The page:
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Columbia River

About EPA's Work in the Columbia River Basin

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Columbia River Basin Restoration Program

Congress amended the Clean Water Act in 2016 by adding Section 123, which required EPA to establish a Columbia River Basin Restoration Program.

It was the first legislation to officially designate the national importance of restoring the Columbia River Basin, one of our nation’s largest watersheds. The legislation focuses on the U.S. portion of the Basin, including the states of Oregon, Washington, Idaho, and Montana.

Section 123 authorized EPA to establish the Columbia River Basin Restoration Working Group that is representative of states, tribal governments, industry, and other entities.

Section 123 also directed EPA to develop the Columbia River Basin Restoration Funding Assistance Program, a voluntary, competitive grants program for environmental protection and restoration programs throughout the Basin. The legislation provides a framework for future funding of toxic reduction, monitoring, and outreach actions.

EPA is committed to coordinating with tribal, state, federal and other partners, as well as other regional Columbia River Basin restoration work efforts, including the Bonneville Power Administration's Columbia Basin Fish and Wildlife Program, to implement the Columbia River Basin Restoration Act.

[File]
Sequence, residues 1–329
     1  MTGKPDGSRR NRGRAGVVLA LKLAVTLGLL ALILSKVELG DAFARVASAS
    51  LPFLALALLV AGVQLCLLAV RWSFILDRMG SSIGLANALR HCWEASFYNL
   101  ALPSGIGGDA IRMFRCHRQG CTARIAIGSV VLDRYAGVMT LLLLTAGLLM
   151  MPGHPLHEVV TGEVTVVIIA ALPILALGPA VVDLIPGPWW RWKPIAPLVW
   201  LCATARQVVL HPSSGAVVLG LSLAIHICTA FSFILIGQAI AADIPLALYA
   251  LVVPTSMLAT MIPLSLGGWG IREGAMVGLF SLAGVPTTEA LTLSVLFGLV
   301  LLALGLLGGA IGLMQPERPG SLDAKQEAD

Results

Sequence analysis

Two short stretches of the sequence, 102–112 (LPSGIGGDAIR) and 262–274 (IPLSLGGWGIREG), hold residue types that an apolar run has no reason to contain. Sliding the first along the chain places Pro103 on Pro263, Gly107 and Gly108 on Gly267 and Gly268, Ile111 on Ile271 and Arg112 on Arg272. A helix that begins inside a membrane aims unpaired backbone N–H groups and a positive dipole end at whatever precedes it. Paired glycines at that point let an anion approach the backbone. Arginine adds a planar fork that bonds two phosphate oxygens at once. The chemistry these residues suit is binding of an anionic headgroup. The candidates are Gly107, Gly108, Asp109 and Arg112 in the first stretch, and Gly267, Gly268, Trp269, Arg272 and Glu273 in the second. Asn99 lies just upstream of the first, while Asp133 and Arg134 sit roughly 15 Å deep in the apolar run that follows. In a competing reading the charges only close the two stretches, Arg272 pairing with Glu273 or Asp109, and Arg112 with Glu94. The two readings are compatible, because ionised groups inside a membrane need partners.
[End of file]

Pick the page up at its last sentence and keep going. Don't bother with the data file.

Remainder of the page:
The U.S. Government Accountability Office (GAO) began an investigation of Columbia River Basin restoration efforts in early 2017. The GAO’s final report, Columbia River Basin: Additional Federal Actions Would Benefit Restoration Efforts, was released in 2018 and recommended that EPA develop a program management plan for implementing the Act.

In January 2019, Congress appropriated $1 million to EPA for implementing the Columbia River Basin Restoration Program.

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Highlights Around the Basin

The EPA and other federal agencies, states, tribes, local governments, nonprofit organizations, and individual citizens are all engaged in efforts to restore and improve the quality of the water, land and air within the Columbia River Basin.

The sheer size and geography of the watershed requires unprecedented cooperation to accomplish these critical ecosystem restoration efforts. Below are summaries that highlight some of these efforts.

Idaho Chemical Roundup Program for Schools

Pollution prevention is less expensive and more effective than treating, recycling or cleaning up pollution. Idaho has been a leader in the Columbia River Basin in pollution prevention successes.

Since 2002, the Idaho Chemical Roundup Program for Schools has assisted more than 50 schools with the safe disposal of over 7,500 pounds of hazardous lab chemicals. The program trained over 100 teachers in green chemistry principles, including instruction on safe "replacement labs" which use non-toxic materials to demonstrate core chemical principles in middle and high school curriculum.